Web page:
There is a Welsh village, famous, in Britain at least, for having the longest name in the British Isles. In total Llanfairpwllgwyngyllgogerychwyrndrobwllllantysiliogogogoch* (try saying that after a drink) has 58 letters in its name, and is a sign writers worst nightmare. That, however, fades to insignificance against the full name for Bangkok which, quite frankly, is just showing off.
Krung Thep Mahanakhon Amon Rattanakosin Mahinthara Ayuthaya Mahadilok Phop Noppharat Ratchathani Burirom Udomratchaniwet Mahasathan Amon Piman Awatan Sathit Sakkathattiya Witsanukam Prasit**, as Bangkok is known to almost no one, comes in at a whopping 168 characters. Thais tend to use a shortened version of the official name; no one calls it Bangkok, that is unless they’re talking to a foreigner
The name refers to Bangkok as ‘the great city’, ‘the happy city’, ‘the grand capital of the world’ and ‘the residence of the Emerald Buddha’, which gives at least a glimpse of the grandeur with which Bangkok was conceived by its early rulers. The modern city, despite the ugly skyscrapers, air pollution and constant traffic jams, still lives up to the hype.
Plenty of people don’t like Bangkok, or at least not enough to hang around for more than a day or two before heading to the beach or into the hills. I can understand that. It isn’t a city that tries very hard to win you over; but walk the streets for a few days and the city reveals itself a little. Life is concentrated in the streets and it is there you have to head if you want to get under Bangkok’s skin. From street level, the city is utterly and endlessly fascinating.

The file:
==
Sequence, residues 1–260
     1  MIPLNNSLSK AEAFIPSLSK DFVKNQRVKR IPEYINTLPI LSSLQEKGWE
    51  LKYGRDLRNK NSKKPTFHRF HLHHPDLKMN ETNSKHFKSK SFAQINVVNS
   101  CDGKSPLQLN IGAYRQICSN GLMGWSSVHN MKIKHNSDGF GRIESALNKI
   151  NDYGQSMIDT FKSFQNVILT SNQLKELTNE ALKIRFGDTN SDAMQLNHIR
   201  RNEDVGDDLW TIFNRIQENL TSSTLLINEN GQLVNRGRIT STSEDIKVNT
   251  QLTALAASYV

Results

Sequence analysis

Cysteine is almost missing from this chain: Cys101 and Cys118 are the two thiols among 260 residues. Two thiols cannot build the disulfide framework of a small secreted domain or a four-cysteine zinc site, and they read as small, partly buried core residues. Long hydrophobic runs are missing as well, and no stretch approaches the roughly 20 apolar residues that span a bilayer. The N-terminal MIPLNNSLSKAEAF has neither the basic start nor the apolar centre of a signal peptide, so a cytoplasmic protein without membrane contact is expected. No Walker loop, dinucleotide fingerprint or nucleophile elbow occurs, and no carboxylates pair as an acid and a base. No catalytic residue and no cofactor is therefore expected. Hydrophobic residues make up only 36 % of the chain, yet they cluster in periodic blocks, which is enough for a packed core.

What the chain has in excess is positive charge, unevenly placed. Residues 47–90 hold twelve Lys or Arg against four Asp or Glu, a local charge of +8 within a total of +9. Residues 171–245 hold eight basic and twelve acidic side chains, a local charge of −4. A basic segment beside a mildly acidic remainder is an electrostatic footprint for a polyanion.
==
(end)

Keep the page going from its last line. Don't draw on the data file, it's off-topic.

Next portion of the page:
The only problem with walking the streets – besides the air pollution – is the heat. I was regularly in meltdown and sweating so much that I actually came to appreciate the fact that there is a branch of the 7-Eleven convenience store franchise on just about every street. Apart from providing cold drinks and ice cream, the 7-Elevens are probably the most ferociously air conditioned buildings in Bangkok.
Walking around I found myself going from incredible market, to stunning temple, to canal-sides lined with wooden houses and streets lined with food carts. The contrast between the old and the new is striking, perhaps most obviously when you take a river taxi down the broad Chao Phraya river. On the river it’s possible to get some perspective on the city; from here towering modern skyscrapers share the cityscape with ancient temples.
The Chao Phraya flows for 372 km from the border with Myanmar and Laos to the Gulf of Thailand, passing through the middle of Bangkok. The river has always been a major form of transport – one mercifully free of traffic jams – and is a good way to navigate from one part of the city to another. No need to take a tour, the many river taxis and ferries provide a cheap way of staying afloat.
*The English translation of the Welsh is ‘St Mary’s church in the hollow of the white hazel near to the fierce whirlpool and the church of St Tysilio of the red cave’, or something along those lines.
**The approximate English translation is, ‘City of angels, the great city, the residence of the Emerald Buddha, the impregnable city (of Ayutthaya) of God Indra, the grand capital of the world endowed with nine precious gems, the happy city, abounding in an enormous Royal Palace that resembles the heavenly abode where reigns the reincarnated god, a city given by Indra and built by Vishnukarn’. Not a language to leave a superlative unused.